ERIC Number: ED476914
Record Type: Non-Journal
Publication Date: 2002-Dec-17
Reference Count: N/A
The Prevalence of Anxiety and Pro-Social Behaviors in Child-Centered and Basic Skills Preschool Classrooms.
Reio, Thomas G., Jr.; Maciolek, C. Lynn; Weiss, Erin M.
Although there is considerable evidence that kindergartners in child-centered programs have more opportunities to increase prosocial behavior and are more internally motivated than children in basic skills programs, the efficacy of child-centered versus basic skills programs with regard to prosocial behavior has not been examined among preschool children. This study sought to determine whether children enrolled in child-centered preschools would demonstrate fewer anxiety behaviors and more prosocial behaviors compared to children in basic skills preschool programs. Participating in the study were 20 children from a child-centered program and 20 children from a basic skills program. Observations of anxiety, disruption, and prosocial behavior frequency took place during free play and during a structured academic activity. Anxiety behaviors were operationally defined as nail biting, crying, frowning, avoiding new situations, and flat/negative affect. Prosocial behaviors were defined as stopping a quarrel, inviting another child to join the group, praising, comforting, or helping others. Results from t-test analyses revealed significantly less frowning in the child-centered program. Also, children invited others to join the group more and praised each other more in the child-centered program than in the basic skills program. There were no other significant differences between the two types of schools. (Contains 14 references.) (KB)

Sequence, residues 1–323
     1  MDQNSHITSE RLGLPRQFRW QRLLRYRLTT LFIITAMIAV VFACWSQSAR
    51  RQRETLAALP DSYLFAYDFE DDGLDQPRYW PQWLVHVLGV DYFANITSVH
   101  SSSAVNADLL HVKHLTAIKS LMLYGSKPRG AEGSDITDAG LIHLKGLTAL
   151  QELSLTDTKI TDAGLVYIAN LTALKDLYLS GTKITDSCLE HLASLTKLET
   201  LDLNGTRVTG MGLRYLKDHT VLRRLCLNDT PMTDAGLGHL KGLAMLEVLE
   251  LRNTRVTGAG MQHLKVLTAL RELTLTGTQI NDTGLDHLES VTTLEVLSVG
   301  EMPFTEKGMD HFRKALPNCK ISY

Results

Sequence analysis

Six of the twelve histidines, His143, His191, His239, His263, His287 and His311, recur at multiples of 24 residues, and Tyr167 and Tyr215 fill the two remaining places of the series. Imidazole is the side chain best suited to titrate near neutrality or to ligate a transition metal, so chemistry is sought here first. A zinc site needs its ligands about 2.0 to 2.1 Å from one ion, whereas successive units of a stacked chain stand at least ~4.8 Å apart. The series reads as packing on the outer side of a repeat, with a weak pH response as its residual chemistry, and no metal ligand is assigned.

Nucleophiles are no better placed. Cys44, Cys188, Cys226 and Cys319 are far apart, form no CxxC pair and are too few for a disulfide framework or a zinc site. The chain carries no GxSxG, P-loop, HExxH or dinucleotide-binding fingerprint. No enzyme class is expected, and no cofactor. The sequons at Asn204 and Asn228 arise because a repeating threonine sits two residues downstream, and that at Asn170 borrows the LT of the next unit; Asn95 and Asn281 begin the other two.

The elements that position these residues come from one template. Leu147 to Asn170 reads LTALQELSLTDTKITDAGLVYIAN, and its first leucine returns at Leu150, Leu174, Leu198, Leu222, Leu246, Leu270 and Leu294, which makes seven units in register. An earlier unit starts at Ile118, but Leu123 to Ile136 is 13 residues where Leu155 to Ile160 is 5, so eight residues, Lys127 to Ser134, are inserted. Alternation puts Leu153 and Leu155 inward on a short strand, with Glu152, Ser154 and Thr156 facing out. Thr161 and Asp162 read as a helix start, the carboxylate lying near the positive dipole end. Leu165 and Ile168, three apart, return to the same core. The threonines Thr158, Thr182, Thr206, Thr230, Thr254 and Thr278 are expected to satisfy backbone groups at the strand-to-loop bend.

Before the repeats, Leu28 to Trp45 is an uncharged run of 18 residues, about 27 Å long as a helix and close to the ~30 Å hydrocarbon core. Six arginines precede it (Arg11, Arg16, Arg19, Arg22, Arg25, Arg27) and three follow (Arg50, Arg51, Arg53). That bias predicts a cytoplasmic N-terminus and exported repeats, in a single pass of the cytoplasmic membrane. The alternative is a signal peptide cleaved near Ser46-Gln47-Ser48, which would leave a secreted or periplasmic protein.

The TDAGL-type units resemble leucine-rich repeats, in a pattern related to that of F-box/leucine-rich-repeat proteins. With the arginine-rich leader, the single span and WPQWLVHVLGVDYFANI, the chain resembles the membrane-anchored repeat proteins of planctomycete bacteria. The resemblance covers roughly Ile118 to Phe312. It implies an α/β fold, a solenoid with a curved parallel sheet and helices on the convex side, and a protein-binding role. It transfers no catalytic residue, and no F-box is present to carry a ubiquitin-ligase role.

Publication Type: Reports - Research; Speeches/Meeting Papers
Education Level: N/A
Authoring Institution: N/A